Well, its been a very informative day for me. Maybe those people funding the American Enterprise Institute to solve the problems of the day will consider giving DMI money instead now that Besharov's well of wisdom has dried up.  A girl can dream dear readers. Dream for a day when funders and leaders care what works and what doesn't.
(hat tip to Think Progress for the NAACP speech coverage)

(and this is crossposted at the DMIblog )

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Weekly Pulse: Florida Governor Wants to Drug Test All State Employees

By Lindsay Beyerstein, Media Consortium blogger

Florida Republican Governor Rick Scott plans to force public workers and welfare recipients to undergo random drug testing every three weeks. Why? Because he doesn't like either group, Cenk Uygur argues on the Young Turks. "It's an attempt to stigmatize, demonize, and punish those people," Uygur says:

Suzy Khimm of Mother Jones explains why Scott's plan is almost certainly unconstitutional. The Supreme Court has ruled that public employees cannot be forced to take drug tests unless public safety is at stake. The government can impose random drug testing for bus drivers, but not clerks at the DMV. Scott wants to spend millions of dollars testing all state employees. The only beneficiary of Scott's plan will be the drug-testing industry.

From vitamins to purity balls

Martha Kempner of RH Reality Check profiles Leslee Unruh, the eccentric vitamin saleswoman-turned-crisis pregnancy center maven and abstinence crusader who is spearheading the drive for increasingly draconian abortion restrictions in South Dakota.

Unruh founded a crisis pregnancy center in 1997. Gradually, she became convinced that cajoling unhappily pregnant women to give birth was backwards. What she needed to do was save women from sex in the first place:

As Amanda Robb explains in her 2008 expose on Unruh published in MORE Magazine: “after working with hundreds of women who got pregnant unintentionally, she says she began to realize that this kind of counseling put the cart before the horse in women’s lives. To truly empower women, she became convinced, you have to ‘save them from sexual activity.’”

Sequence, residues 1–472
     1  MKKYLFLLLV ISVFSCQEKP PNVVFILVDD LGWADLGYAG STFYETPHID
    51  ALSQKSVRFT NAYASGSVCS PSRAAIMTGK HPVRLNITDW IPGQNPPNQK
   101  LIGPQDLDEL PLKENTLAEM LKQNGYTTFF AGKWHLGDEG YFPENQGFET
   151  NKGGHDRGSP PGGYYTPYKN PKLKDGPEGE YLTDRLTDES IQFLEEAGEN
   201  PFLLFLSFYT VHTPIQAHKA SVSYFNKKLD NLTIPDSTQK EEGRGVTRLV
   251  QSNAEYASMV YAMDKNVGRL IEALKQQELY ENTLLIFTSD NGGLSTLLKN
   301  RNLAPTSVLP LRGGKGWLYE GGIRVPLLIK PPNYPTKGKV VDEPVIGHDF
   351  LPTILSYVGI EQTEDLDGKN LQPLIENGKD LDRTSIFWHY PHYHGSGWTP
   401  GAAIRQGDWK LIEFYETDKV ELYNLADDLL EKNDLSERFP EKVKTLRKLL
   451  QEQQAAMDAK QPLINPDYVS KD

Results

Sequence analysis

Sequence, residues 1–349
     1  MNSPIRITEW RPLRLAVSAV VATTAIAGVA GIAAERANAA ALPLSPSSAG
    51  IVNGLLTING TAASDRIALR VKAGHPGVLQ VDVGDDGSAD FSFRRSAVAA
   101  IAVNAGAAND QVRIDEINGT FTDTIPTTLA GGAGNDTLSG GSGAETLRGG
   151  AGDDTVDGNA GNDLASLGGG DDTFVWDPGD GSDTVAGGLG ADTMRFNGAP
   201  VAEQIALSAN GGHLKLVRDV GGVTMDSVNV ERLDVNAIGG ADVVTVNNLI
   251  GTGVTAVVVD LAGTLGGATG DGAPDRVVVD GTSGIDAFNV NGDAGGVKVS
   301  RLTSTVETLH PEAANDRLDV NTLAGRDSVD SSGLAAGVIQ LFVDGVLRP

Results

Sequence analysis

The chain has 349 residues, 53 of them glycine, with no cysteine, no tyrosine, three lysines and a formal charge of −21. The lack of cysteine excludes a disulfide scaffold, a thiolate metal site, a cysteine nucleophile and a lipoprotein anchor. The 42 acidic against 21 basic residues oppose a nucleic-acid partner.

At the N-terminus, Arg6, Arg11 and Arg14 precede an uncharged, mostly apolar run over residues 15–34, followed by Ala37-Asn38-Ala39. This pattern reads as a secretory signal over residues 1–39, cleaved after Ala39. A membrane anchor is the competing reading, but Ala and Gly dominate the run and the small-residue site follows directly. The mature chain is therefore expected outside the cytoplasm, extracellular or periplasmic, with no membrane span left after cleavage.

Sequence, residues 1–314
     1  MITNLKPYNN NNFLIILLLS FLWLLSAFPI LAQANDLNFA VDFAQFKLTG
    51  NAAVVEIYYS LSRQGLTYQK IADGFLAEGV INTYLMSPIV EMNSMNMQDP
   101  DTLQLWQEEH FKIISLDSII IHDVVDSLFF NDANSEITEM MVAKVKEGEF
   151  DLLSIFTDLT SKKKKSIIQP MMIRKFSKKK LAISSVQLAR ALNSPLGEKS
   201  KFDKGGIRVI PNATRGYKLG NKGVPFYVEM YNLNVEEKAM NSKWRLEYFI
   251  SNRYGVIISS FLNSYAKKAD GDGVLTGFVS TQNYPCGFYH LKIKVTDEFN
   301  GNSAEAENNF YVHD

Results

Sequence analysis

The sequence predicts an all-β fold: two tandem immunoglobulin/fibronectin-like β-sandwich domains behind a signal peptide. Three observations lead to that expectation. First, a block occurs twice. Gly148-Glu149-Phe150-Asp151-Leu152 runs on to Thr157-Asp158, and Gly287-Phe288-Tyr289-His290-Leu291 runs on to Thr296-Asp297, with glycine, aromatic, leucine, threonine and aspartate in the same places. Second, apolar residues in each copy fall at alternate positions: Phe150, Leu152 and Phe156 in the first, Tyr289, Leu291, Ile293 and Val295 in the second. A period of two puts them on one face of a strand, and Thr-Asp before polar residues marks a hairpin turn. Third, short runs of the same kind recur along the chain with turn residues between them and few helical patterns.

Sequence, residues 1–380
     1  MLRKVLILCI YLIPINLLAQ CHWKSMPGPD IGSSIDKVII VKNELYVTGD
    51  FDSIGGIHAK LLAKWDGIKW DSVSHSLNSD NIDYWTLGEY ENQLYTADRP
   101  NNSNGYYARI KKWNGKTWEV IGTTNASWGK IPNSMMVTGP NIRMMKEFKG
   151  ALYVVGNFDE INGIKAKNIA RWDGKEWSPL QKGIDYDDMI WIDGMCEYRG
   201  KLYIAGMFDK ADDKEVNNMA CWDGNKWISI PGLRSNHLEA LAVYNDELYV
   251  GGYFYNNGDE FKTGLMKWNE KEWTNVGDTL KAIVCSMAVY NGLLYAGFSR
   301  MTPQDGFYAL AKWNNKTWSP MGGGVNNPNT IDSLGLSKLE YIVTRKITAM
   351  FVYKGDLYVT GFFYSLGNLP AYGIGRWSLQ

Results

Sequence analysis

Unruh's Abstinence Clearinghouse is famous for sponsoring "purity balls" at which fathers promise to guard their daughters' sexual purity until marriage.

My uterus is a closed shop

Last weekend the Wisconsin AFL-CIO held a rally with Planned Parenthood in Madison, Wisconsin, Mike Elk reports for Working In These Times. Elk writes:

The labor movement, at its core, is about class struggle - the working class overcoming the power of the owning class in order to take control over their own lives. For women, class struggle historically has centered on overcoming the oppression of men who want to have control over their lives.

It makes sense that organized labor and the reproductive rights movement are being drawn closer together. Wisconsin Republican Governor Scott Walker has declared war on unions and reproductive health care. Walker's notorious anti-collective bargaining bill also declared war on the state's highly successful, money-saving family planning program.

The Walker administration declared the union-busting bill to be law last Friday, in defiance of a court ruling, Matthew Rothschild reports in The Progressive. A court had ruled that the legality of the bill was in question because it seems to have been passed in defiance of the state's strong open meetings laws.

De-funding family planning

Some Minnesota Republicans are taking a page from Scott Walker's playbook, Andy Birkey reports in the Minnesota Independent. A group of Republican state senators are working to de-fund the state's family planning programs by cutting off state funding and refusing federal dollars to fund these initiatives. An estimated 40,000 people receive reproductive health care each year through programs that the GOP is trying to eliminate. Their position is surely not motivated by concerns about the deficit. Joint state-federal family planning programs have been shown to save money for the state and the federal government.

HIV/AIDS at 30

This year marks the 30th anniversary of the beginning of the HIV/AIDS epidemic. At, LaShieka Purvis Hunter profiles a distinguished community leader in the struggle against HIV, Rev. Edwin Sanders of the Metropolitan Interdenominational Church in Nashville, Tennessee. Sanders and his congregation have been engaged in the struggle for 26 years, ever since one of the founding members of this predominantly black church died of the virus.

Saunders says that, as far as he knows, his is the only African American congregation operating an HIV/AIDS primary care clinic:

"There are other congregations with primary care clinics that do other things, but ours is exclusively focused on HIV/AIDS,” he explains. “We were really fortunate to get a planning grant from the URSA Institute about 10 years ago, and have a fully operating clinic four years after that. Now we are able to serve a population in our community that represents those who are truly disenfranchised.”

The URSA Institute is a non-profit social interest consulting firm which supports HIV/AIDS-related research and prevention programs.

Dig for victory

Spring is here. Ellen LaConte of AlterNet explains why gardening is good for your health and your pocketbook. Produce prices are rising, thanks to increasing oil prices, dwindling soil reserves, monoculture, and other factors. LaConte predicts that gardening and small-scale collective farming will become an increasingly important source of fresh fruits and vegetables for average Americans in the years to come.